Keuka College closes campus operations temporarily
25 new cases since Friday; healthy students allowed to return home, quarantining students to follow once cleared by Yates County Public Health
KEUKA PARK — Keuka College announced last week they are temporarily closing campus operations as the number of students infected by COVID-19 spiked following an off-campus party.
As of press time Monday afternoon, the total number of students who tested positive stands at 97, plus two college employees. Yates County Public Health has declared 56 cases resolved, leaving 46 current active cases.
The college is making arrangements for healthy students to return home once cleared by Public Health as they continue to navigate the cluster of Coronavirus cases.
Yates County Public Health Deputy Director Sara Christensen says, “Since Friday’s report, we have received 25 new cases; 21 are Keuka College-related and four are community-acquired and not related to Keuka College.
The total number of cases as of 12:30 p.m. on Oct. 19 is 176, with none currently in hospital. The number recovered is 127 with just seven deaths recorded earlier in the year.
The number of active cases is 42. Those in isolation and quarantine are 193 with more to add as tracing investigations continue.
Yates County’s seven-day rolling average of new positive cases stands at 2.75%.
Christensen says they are following N.Y. State Dept. of Health and CDC guidelines for declaring individual cases resolved.
Individuals must be:
- 10 days out from the beginning of symptoms
- Fever free for 72 hours without the help of medication
- Showing improvement of symptoms
Christensen says both the NYSDOH and CDC have declared those who have been cleared are “very unlikely to transmit COVID-19.”
Keuka College President Amy Storey said in a statement sent to students, faculty, and staff last week, “While the public health guidance to keep students on-campus remains best practice, the growing number of cases has made separating healthy students from quarantining populations increasingly difficult. County and state health officials have given their permission for the college to allow healthy students who are not subject to a quarantine or isolation order to leave campus in order to create additional isolation and quarantine capacity.”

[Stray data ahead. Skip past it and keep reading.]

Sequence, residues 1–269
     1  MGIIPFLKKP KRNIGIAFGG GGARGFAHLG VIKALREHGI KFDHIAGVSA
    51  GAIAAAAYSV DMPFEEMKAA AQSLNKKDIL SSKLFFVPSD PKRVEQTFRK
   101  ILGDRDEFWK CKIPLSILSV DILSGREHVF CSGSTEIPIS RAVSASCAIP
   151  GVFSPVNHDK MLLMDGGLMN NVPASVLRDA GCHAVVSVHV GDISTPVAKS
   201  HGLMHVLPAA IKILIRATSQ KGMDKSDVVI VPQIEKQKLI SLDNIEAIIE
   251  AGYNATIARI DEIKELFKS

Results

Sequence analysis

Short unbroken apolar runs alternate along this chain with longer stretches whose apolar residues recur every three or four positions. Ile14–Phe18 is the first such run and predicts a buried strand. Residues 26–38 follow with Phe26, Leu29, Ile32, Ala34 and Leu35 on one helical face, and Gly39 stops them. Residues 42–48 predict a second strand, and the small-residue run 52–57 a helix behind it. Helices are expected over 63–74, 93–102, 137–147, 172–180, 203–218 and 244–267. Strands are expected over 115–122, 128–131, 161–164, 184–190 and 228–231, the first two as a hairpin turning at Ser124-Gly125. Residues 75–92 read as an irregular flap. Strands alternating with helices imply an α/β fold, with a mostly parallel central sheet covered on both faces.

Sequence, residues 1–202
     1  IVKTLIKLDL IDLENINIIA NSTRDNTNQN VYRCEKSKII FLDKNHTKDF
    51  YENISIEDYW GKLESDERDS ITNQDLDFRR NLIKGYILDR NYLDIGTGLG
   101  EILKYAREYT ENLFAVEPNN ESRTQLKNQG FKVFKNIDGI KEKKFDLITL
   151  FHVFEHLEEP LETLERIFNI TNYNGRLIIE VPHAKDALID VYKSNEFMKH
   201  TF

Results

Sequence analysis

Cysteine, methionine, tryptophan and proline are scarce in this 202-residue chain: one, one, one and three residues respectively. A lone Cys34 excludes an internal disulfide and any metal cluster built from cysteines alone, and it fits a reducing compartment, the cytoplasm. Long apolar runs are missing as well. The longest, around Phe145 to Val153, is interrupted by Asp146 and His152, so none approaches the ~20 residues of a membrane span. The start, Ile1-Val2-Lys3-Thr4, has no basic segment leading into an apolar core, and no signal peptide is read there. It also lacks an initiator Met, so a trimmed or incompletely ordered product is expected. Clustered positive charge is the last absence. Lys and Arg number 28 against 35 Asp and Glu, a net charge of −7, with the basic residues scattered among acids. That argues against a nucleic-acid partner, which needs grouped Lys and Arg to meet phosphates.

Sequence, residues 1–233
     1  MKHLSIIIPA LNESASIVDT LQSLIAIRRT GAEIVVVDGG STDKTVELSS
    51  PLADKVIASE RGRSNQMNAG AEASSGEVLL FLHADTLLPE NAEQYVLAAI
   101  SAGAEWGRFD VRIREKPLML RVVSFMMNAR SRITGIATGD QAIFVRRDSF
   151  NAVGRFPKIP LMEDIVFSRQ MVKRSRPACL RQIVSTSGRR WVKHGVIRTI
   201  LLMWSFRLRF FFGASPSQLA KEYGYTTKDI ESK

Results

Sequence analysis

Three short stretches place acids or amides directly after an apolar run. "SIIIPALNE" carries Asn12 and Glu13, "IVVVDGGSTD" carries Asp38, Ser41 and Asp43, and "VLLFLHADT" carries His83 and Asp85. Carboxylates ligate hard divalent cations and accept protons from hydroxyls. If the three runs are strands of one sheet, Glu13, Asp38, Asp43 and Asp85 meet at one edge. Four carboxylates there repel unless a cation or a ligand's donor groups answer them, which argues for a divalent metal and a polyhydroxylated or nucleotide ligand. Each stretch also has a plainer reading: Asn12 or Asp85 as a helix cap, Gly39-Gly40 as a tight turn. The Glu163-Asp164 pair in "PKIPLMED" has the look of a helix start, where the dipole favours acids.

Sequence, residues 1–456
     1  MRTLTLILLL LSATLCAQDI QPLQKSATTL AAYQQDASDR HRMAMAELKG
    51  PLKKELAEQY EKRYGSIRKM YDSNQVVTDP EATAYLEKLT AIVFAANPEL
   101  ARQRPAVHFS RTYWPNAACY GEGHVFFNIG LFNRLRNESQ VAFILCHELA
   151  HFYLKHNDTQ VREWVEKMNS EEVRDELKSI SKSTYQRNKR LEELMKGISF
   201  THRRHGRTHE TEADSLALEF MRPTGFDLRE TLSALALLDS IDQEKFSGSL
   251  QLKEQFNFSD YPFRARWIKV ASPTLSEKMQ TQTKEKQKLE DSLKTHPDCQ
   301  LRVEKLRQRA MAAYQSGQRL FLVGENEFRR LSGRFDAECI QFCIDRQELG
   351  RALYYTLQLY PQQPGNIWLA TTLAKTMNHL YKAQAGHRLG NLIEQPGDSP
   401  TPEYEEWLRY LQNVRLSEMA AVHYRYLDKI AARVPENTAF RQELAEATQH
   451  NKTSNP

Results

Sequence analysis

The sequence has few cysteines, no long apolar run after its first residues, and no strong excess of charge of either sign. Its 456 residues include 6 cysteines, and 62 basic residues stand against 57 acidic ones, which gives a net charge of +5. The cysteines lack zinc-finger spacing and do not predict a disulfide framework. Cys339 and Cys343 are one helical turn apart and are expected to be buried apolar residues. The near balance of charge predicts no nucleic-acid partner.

The college is asking students who have not tested positive or been directed to quarantine to make arrangements to return home by the end of the week. Although the college moved to remote instruction last week, Thursday and Friday synchronous classes have been canceled to facilitate the transition.
“As the challenge has escalated, we’ve taken the guidance offered by our health partners and enacted even more strident steps to heighten public safety and safeguard our students,” said Dr. Chris Alterio, chair of the college’s Reopening Task Force.
Public-health directives require students quarantining or isolating to remain in place. Those students will be released by public health officials to return home once they are no longer infectious.
The college had experienced just a single positive coronavirus case during the first six weeks of the semester. That all changed after a public health investigation determined that a non-sanctioned, off-campus social gathering Oct. 3 triggered the onset of the current cluster.
Since the first positive student case was reported Oct. 7, the college has instituted a series of escalating response strategies, including transitioning to distance learning, closing high-traffic campus facilities, canceling all athletics-related activity, requiring non-essential personnel to work from home, and converting the Geiser Dining Commons to 100% take-out.
“We had hoped this step wouldn’t be necessary,” said President Storey, “but the quickly escalating number of positive cases has made this temporary shut-down unavoidable.”